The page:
The fourth group is very interesting in the sense that they never want to be paid for their expertise. They believe that “nothing of value can be expressed in money”, or that “public speaking is just fun!” So while the motivation between these two overall sentiments are different, the outcome is the same. The most prominent aspect is conviction.
The final group consists of just one person, who stated that they only speak for free if they have a personal, long term relationship with the event organizer. This personal relationship is the most prominent aspect in this group of one.
Paying to Speak
As stated above, there is a growing trend of events that ask a fee of the speakers for them to get on stage. The reasoning behind this trend is that certain large conferences attract large crowds, so if they pay public speakers, they will get their fee and gain from the exposure of large crowds. When written down like that, it is not the most far-fetched logic. However, is it fair to ask people to pay to work in the hope that someone else will hire them and actually pay them? Will the public speakers who need to make sales from that stage actually deliver value, or will they sell themselves in order to attract other clients?
Our survey showed that a large percentage of speakers would not or not again pay to be on stage. But what about those who would pay? What drives them?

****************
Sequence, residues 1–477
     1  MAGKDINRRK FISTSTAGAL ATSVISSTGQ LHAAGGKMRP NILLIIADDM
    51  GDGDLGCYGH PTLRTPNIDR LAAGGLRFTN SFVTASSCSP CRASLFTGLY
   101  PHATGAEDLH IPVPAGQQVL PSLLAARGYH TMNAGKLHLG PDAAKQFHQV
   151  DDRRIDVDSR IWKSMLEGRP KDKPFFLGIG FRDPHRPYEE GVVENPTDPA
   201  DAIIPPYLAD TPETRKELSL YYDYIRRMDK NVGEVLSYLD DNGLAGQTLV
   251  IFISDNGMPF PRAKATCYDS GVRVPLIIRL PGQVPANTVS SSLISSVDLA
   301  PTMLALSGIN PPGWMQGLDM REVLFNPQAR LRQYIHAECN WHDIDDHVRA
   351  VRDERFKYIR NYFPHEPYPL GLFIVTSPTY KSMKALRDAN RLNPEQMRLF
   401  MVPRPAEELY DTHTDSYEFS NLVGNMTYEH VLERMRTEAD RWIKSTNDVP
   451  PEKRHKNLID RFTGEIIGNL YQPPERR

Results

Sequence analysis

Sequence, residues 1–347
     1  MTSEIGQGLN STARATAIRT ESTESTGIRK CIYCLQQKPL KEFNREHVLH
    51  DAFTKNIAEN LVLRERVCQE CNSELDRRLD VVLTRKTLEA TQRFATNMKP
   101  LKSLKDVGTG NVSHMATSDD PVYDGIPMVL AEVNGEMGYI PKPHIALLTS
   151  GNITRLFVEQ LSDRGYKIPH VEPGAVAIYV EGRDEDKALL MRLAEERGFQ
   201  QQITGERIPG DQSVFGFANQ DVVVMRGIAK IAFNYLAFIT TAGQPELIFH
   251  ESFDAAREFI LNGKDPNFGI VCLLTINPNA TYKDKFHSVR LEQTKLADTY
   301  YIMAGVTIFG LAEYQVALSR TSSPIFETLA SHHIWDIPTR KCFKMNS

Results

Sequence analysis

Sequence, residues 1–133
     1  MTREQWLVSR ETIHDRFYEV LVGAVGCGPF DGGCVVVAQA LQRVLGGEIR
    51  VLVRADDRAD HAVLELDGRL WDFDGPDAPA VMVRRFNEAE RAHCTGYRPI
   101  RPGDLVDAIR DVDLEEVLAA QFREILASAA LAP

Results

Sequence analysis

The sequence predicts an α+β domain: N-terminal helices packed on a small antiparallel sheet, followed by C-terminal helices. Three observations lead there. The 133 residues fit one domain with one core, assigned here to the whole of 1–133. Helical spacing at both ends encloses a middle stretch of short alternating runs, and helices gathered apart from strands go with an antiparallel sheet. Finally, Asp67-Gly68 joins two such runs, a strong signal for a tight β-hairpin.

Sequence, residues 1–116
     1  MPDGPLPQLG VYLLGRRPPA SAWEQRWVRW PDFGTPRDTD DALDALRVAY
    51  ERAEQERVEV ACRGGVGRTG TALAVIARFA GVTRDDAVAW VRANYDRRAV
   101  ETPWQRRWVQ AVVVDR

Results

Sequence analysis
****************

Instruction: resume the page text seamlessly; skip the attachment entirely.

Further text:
With just 11% that had already paid to be on stage, and 16% that would do it when asked, it is still an overwhelming majority that will not. We also asked all respondents their thoughts on this new “trend”. Sifting through all those written comments took a long time, but we distilled interesting patterns from their free-writing.
The responses to the questions regarding to paying to be on stage answered our questions and initial speculations above. The public speakers who pay to speak want to get something out of it. Of our respondents, 16% said they would pay to be on stage, but a third of these speakers nuanced they would only do it if they can sell from the stage. Two third of that 16% said they would only pay to speak if they got enough exposure that would lead to future sales. This is not surprising, nor are we judging these speakers. Public speakers have to pay bills too, after all.
Perhaps more interesting than the reasons why they would pay to speak are the comments of those who do not want to pay to speak. Some quotes include “You want quality, a custom speech, actual and tangible value…? You pay your speakers” , and “Pay to work??”, and “It’s a job. A lot of work, preparation and you bring a ton of value. Industry events especially! The organizer is hosting an event for business purposes. If they’re going to make money based on my work, it’s only fair I get a piece of that.”
So besides the fact that 84% of speakers do not want to pay to speak, they also appear to be vehemently against it.
In chapter 4: the online marketing strategies from public speakers!